“Aye – there was,” interrupted Flynn. “A considerable one at that,” he said as he shook his head.
“As I see it,” Farrell broke in, “Ye would owe us a great deal of coin should the marriage fall through. T’would be most unfortunate, indeed.”
Aisling balled her hands into fists and clenched her teeth. “I was bought like a common whore?” she shouted towards Flynn.
“More like a common horse,” Farrell replied between chuckles. “Aisling my dear, we paid a fair bride price for ye, and ye know that my son Flynn is more than suited for ye. He is, after all, a nobleman’s son,” he smirked.
“A nobleman’s son – my lily white arse,” she retorted.
“Ye see,” said Farrell pointing to his son. “The MacTavish’s were more than well compensated for their troubles. They’ve only dealt with this little minx for going on – what now – how old are ye Aisling?” he paused. “Oh that’s right, going on nigh to twenty-two summers I ‘spose now. Some might say yer a spinster dear. Much too old for Flynn, with him being nearly thirty summers, but we couldn’t talk him out of it; although his mother and I sure tried.”
Aisling flung the last tray from the dining table and it struck Farrell solidly in the chest – leaving a heap of dried fruit and bread in its wake. Positioning himself between his betrothed and his father, Flynn grasped them both by the shoulders and grew oddly quiet.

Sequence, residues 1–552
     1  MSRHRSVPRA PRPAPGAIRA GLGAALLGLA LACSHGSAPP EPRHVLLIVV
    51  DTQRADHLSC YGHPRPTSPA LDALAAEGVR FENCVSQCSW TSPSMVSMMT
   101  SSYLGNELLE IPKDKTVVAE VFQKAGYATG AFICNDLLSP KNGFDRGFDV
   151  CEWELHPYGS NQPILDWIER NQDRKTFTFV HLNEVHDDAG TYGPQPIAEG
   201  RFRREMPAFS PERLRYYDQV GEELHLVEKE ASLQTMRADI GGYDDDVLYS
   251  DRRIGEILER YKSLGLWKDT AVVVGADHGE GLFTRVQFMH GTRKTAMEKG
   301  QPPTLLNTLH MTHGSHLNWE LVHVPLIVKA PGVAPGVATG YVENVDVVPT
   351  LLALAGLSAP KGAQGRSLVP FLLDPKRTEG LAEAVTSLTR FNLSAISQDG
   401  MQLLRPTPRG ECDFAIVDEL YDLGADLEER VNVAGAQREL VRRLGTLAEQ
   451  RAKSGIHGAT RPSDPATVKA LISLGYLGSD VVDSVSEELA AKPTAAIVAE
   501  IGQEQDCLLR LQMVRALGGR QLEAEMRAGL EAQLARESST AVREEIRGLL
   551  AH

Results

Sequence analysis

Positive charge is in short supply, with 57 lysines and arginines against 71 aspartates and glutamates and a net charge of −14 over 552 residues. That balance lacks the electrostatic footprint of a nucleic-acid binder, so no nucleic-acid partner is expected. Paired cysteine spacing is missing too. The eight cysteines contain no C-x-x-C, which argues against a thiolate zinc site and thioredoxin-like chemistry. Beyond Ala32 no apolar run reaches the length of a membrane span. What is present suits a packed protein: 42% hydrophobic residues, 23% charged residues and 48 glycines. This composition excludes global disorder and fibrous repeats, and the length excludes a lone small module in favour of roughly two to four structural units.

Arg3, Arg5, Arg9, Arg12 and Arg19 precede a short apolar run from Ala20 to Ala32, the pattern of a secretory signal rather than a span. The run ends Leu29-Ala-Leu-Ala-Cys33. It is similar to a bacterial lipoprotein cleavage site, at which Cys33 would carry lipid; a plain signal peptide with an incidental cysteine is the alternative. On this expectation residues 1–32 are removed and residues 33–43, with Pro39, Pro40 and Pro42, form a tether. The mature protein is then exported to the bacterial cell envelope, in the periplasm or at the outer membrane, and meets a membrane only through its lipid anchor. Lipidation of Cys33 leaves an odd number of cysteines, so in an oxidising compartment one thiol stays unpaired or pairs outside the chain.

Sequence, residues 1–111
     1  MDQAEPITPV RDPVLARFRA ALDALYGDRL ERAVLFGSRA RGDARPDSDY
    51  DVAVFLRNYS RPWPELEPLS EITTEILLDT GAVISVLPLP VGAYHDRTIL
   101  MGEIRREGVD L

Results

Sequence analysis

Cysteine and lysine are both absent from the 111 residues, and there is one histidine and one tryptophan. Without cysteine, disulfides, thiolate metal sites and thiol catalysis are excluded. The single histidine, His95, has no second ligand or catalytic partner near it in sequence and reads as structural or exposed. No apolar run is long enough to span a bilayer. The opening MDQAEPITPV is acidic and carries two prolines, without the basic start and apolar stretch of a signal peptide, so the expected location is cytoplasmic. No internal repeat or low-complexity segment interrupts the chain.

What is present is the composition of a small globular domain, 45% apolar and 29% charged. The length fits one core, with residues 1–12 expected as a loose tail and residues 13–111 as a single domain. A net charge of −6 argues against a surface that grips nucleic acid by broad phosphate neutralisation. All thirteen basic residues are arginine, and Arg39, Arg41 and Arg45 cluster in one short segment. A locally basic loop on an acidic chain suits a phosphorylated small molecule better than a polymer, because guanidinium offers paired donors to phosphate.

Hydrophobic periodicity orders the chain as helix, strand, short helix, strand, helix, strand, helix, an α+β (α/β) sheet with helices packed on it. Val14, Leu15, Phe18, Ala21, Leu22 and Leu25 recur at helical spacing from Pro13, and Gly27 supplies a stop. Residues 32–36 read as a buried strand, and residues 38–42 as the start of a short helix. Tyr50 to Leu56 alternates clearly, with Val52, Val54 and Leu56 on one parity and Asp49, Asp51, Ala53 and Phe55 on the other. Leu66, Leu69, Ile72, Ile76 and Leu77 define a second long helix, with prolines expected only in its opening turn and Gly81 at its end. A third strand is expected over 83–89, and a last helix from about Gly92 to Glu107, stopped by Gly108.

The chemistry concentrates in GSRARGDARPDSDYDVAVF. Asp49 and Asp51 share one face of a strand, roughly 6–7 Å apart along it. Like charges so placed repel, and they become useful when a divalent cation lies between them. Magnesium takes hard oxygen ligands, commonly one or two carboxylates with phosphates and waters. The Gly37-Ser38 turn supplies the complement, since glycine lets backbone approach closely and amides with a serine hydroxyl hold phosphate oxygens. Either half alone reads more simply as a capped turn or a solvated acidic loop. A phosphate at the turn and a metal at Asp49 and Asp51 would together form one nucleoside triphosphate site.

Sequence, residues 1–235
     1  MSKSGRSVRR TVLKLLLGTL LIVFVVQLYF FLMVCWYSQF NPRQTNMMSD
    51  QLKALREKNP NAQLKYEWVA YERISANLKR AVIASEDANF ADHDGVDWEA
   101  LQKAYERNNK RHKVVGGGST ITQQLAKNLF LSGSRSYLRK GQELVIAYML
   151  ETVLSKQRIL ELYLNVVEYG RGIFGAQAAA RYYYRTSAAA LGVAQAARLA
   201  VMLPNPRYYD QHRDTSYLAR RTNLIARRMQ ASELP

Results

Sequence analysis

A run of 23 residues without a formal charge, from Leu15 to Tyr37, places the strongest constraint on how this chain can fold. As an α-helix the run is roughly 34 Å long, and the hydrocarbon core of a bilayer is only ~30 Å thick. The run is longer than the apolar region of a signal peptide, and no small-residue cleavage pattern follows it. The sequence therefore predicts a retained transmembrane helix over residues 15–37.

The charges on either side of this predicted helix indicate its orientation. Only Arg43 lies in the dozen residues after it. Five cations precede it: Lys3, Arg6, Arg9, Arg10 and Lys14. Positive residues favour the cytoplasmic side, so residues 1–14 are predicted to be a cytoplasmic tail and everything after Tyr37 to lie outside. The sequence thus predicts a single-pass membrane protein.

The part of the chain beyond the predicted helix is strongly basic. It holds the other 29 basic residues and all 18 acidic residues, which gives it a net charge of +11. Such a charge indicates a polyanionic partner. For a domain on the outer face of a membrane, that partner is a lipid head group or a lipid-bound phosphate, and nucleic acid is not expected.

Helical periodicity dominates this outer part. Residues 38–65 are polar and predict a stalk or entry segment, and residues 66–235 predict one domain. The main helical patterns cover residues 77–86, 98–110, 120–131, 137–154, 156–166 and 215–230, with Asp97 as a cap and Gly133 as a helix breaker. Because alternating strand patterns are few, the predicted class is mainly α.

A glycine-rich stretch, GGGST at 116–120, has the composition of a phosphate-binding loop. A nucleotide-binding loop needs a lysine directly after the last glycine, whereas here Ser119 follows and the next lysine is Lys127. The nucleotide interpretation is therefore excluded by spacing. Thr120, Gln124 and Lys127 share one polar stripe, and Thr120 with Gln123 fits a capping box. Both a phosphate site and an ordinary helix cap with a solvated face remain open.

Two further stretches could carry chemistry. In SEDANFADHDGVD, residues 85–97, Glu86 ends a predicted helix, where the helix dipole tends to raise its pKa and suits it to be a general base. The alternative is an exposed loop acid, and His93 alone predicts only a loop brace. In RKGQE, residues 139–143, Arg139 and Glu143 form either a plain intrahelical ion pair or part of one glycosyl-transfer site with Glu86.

“Aisling, ye accepted me proposal of marriage. This business about the business of marriage contracts does no’ matter, it’s not between us – it’s between our families. I am leaving on the Sarysin on the morrow. I’ve a commission to fulfill. I am to be the new chieftan of the O’Malley clan forces. It’s an honorable and prestigious position – I should think you would be happy to be a lady about the manor.”
Aisling’s eyes grew wide and the anticipation of wealth and status washed across her face. She never was good at holding her ideas, Flynn thought to himself. Farrell snorted and Aisling blushed.
He continued, “I’m leaving at first light. It will be nearly a fortnight before I reach me cousin’s clan as we are stopping at two ports with merchandise. I’ll give you two fortnights to join me there. Da can get you on a galley going that way without any stops. If you don’t arrive in two fortnights the marriage is off. Do you ken what I’m saying?” he asked her.
She nodded as tears welled in her eyes.
“Da – if she doesna’ make it to the galley in time tomorrow, ye can speak with her family about either making arrangements to get her there or getting yer coin back for the bride price. At any rate, I’ll expect word to arrive by the time I get there.”
“I want more,” the elder Montgomery grumbled.
“Ye want more than the bride price?” Aisling asked. “For what – yer troubles in dealing with the likes of me?” she asked, shrugging her shoulders and highlighting her barely five foot frame.
“I want more – to repay the fancy trinkets and dining wares ye broke that belonged to my Ellen,” he replied, pain washing over his face.
“I’ll replace those, Da,” Flynn said as he loosened his grip on the two.
Turning to Aisling, Farrell commanded, “I expect ye to clean this mess up and ye’ll spend the afternoon washing in the kitchens.”
“And, ye’ll do it to,” Flynn added, looking down at his fiancé, the love of his life, the woman he feared he would never see again.